Out of all these beauty treatments described in “Behind the Red Door” which did you find the most horrifying and which would you have wanted to try?
Michael Korie: I would be afraid of those treatments. The three of us put on lipstick for a photograph we made for our producers on opening night and honestly that was the first time I put on lipstick and I found it to be a terrifying experience. I thought once it was on I had totally the wrong shade, luckily Doug’s husband treated the photograph, made it in black and white so only the lipstick was in color and that looked much better. But all of it is scary and fascinating! When you’re a kid looking at your mother’s table with all the fancy stuff in it, in bright shiny packages and tubes and compacts and mirrors. You walk into Macy’s and it’s overwhelming, it’s like a football field full of mirrored cosmetic counters and you wonder what the difference is between them all. Women can navigate it, I find it daunting, but that was part of the fascination that drew me to this. The forbidden fruit.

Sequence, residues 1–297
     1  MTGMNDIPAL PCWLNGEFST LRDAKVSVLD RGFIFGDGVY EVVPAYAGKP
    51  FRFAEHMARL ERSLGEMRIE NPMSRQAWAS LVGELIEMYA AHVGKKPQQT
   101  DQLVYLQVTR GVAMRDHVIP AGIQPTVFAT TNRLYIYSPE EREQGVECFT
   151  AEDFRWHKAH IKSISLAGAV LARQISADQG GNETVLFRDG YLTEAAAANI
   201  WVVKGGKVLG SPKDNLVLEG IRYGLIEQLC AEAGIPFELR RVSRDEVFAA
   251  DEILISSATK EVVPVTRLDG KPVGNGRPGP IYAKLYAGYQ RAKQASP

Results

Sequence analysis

Scott Frankel: I don’t know. There’s one in which women are in these vats of boiling water, they almost look like a mental hospital, the top is zipped shut, so all you can see are their heads. That one seemed gruesome to me, and the Vienna Youth mask is really hardcore.
I’m fascinated by how the songs and scenes in the musical mirror each other, leading us to the conclusion that these women could’ve easily been one another if it wasn’t for how they were pitted against each other. Michael, this made me think of the idea you propose in your opera Hopper’s Wife, and also made me think of Ingmar Bergman’s Persona. Can you both talk a little about this theme?